Updated: Nov 16
Intensely thinking or simply a result of over-consideration?
This is an interesting subject matter regarding the arts and being an artist or a creative thinker. As a teenager I remember thinking with high frequency and intensity, questioning the reality of the world around me and subsequently how I felt about these observations and pretty much everything else I could think of. As I transitioned through life and my career into the art world, mentoring and as a teacher I noticed the same patterns as I did when I was a student on my BA Hons, and that was the range of characteristics displayed by each of my course peers when it came to our own unique independent practices. Who arrived at the studio space and at what time, how long they work for, and when I say work, I mean productively input into the development of their ideas and enquiries, be this research or practical.
Myself, I found much of my time at Uni spent in front of large canvases, coffee in hand…hours passing over the course of the day while I pondered and pontificated greater meaning, followed by a healthy appetite for even greater questioning. I felt like a lazy painter but during these moments of deep contemplation I realise that this was part of my process; a long period of self questioning and aesthetic conundrums, followed by a crescendo of cascading activity, when I would leap into action. Bringing physicality to my application of carved interpretations I would work intensely for shorter periods until I had fully exhausted my creative output for the time being. As I progressed and allowed the variations of my creative ebbing and flowing to find a consistency, I found my feet and arrived at the centre point of my final year where I was fully engaged in my own practice. I knew when to allow those moments of self reflection and staring with coffee in hand and when to stay and grind it out, take some practical risks to find out if they worked or not… and then repeat. This took me through the week, every week until I had a body of work that sat well with me and communicated what I had envisaged whilst on my journey. This was my creative process and one that has proved difficult to return to since, due to the transition into my adult life as an artist, father, employee and now co-founder with my wife of our own creative business. I still sometimes wear the overall of the frustrated artist but this is more likely to do with the fact that I wish I still had time to ‘be’ the artist.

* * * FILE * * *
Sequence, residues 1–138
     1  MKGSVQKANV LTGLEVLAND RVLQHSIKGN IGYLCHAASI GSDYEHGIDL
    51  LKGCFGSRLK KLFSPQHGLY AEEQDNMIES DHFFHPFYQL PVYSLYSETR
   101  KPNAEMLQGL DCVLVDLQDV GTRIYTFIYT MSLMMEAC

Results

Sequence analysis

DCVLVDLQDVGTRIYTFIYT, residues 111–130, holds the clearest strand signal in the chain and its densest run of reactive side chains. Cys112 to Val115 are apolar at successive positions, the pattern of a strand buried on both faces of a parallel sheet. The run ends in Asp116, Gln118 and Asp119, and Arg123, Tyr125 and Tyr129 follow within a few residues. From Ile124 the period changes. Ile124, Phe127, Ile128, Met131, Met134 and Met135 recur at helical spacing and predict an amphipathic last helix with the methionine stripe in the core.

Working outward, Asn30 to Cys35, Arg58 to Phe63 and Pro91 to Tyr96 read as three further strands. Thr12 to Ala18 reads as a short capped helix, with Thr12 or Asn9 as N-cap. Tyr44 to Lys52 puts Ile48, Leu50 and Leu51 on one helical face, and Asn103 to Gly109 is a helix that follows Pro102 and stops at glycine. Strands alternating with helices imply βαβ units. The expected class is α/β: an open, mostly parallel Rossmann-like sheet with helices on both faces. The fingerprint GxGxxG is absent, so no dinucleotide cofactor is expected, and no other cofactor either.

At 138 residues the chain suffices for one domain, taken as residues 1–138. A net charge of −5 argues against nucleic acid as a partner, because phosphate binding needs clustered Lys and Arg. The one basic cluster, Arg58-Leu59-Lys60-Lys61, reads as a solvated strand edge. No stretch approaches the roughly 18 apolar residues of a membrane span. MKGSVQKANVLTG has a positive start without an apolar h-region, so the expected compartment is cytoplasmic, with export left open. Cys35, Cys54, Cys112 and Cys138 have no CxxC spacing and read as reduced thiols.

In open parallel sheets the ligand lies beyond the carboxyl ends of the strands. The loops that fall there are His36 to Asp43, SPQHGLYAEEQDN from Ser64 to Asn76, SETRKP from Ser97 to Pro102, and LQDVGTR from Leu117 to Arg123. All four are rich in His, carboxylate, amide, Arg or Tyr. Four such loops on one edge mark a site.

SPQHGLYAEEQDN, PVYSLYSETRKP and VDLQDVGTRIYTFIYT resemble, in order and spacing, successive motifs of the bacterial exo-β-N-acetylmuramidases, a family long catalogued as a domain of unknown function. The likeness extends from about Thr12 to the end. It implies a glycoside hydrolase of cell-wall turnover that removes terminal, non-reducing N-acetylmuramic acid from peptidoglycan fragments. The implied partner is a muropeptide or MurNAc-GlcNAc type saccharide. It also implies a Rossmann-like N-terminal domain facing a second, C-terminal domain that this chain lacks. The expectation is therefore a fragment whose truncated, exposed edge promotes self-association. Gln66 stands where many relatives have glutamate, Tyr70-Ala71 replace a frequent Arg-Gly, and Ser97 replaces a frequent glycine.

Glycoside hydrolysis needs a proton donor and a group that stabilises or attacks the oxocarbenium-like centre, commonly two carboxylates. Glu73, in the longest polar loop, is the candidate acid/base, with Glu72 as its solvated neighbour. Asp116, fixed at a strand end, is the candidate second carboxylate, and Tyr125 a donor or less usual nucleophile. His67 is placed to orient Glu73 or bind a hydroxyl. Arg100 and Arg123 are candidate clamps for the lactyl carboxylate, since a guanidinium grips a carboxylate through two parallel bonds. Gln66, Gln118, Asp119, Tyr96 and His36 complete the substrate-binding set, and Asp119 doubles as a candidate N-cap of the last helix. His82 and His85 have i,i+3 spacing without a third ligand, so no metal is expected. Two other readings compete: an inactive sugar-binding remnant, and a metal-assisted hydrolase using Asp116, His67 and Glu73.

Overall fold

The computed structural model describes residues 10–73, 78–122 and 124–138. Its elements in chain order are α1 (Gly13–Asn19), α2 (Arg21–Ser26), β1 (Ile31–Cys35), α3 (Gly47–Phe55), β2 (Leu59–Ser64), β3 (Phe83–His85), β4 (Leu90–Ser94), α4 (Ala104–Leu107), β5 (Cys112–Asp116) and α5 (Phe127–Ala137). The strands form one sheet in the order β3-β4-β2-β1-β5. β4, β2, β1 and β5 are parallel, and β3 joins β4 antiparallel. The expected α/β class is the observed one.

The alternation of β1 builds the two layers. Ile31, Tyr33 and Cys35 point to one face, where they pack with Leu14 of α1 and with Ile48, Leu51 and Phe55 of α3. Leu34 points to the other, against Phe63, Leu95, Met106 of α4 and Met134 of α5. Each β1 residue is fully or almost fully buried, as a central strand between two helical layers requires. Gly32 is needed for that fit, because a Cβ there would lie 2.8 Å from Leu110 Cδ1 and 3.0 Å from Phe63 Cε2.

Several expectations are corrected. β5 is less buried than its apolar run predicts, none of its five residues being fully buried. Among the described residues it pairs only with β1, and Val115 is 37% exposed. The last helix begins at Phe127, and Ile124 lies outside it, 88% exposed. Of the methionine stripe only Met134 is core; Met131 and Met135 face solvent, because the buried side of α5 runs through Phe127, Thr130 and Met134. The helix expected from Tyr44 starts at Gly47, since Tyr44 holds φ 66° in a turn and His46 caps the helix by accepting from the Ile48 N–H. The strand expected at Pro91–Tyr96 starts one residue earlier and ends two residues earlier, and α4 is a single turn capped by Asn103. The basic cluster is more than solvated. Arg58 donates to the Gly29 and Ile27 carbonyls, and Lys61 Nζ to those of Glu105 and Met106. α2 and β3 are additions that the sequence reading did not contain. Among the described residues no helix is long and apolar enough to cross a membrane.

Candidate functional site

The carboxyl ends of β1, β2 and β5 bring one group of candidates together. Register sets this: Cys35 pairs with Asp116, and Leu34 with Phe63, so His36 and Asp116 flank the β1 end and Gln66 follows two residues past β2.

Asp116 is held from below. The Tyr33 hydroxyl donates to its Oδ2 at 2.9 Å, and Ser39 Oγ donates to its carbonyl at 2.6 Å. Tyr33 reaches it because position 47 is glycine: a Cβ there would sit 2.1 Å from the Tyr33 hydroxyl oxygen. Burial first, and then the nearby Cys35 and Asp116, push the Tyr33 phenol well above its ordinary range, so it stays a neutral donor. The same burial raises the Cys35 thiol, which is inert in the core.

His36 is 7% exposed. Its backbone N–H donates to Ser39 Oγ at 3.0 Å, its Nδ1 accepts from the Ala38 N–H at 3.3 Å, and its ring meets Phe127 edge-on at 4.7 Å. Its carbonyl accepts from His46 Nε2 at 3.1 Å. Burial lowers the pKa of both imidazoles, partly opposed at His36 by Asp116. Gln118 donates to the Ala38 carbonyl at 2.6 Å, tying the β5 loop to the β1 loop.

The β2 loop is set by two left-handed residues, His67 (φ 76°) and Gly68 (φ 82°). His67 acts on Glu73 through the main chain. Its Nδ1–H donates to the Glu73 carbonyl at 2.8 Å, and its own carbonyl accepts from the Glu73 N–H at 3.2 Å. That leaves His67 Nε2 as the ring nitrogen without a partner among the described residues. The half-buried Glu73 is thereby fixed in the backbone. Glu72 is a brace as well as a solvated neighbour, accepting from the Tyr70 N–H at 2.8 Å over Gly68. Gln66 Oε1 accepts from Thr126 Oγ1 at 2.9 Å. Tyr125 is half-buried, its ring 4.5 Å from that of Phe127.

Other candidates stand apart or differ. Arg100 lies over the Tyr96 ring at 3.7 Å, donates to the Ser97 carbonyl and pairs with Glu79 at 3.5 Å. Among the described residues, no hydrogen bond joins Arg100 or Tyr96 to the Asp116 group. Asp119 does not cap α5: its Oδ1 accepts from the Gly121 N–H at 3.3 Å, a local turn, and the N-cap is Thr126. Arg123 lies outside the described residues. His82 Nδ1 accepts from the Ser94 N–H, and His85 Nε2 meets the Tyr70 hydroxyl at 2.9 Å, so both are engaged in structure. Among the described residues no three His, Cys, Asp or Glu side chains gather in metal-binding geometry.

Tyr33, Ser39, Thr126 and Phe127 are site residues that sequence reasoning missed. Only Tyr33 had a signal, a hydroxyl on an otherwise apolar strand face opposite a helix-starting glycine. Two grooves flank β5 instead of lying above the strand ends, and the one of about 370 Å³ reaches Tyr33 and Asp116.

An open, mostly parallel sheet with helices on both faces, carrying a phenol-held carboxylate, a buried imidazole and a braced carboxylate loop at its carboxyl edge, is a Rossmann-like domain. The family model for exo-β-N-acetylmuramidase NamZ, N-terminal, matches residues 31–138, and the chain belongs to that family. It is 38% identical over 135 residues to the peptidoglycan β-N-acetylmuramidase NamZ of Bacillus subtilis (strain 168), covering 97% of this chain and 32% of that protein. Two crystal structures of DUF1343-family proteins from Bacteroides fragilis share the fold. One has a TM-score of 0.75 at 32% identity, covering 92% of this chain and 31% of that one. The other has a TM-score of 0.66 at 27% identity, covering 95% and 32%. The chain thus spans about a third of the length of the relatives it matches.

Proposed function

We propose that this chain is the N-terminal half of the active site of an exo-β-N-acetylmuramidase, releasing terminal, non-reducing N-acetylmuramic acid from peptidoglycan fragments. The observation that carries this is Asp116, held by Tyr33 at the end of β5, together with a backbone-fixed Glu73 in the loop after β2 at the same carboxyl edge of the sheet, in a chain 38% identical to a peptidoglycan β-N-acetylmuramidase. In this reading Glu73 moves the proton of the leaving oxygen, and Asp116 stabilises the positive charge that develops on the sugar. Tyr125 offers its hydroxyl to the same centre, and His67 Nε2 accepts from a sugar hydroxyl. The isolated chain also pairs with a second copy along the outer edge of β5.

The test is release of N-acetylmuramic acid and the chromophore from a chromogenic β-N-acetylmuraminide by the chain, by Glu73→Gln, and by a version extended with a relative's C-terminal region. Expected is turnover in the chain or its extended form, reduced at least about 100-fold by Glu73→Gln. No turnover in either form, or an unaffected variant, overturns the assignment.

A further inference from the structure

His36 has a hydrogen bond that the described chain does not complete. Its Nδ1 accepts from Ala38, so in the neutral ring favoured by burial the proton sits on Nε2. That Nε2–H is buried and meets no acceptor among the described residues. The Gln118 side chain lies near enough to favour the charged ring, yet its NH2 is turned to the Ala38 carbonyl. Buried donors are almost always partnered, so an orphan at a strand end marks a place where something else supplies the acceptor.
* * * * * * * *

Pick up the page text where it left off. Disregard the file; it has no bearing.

Teaching art classes now, especially with adults, I notice a sense of questioning amongst students that reminds me of those earlier years and if I were to talk to my younger self, I wonder; would I recommend the philosophers furrow or offer an alternative approach?
Questioning our artwork is definitely a good thing to do in moderation, more important though, is to take the time to stand back and give ourselves a well meant pat on the back, find the successes first and then look for what we can improve on. The journey of an artist or creative mind is to question…problem solve and be open to what we might find on the way.
Happy exploring everyone.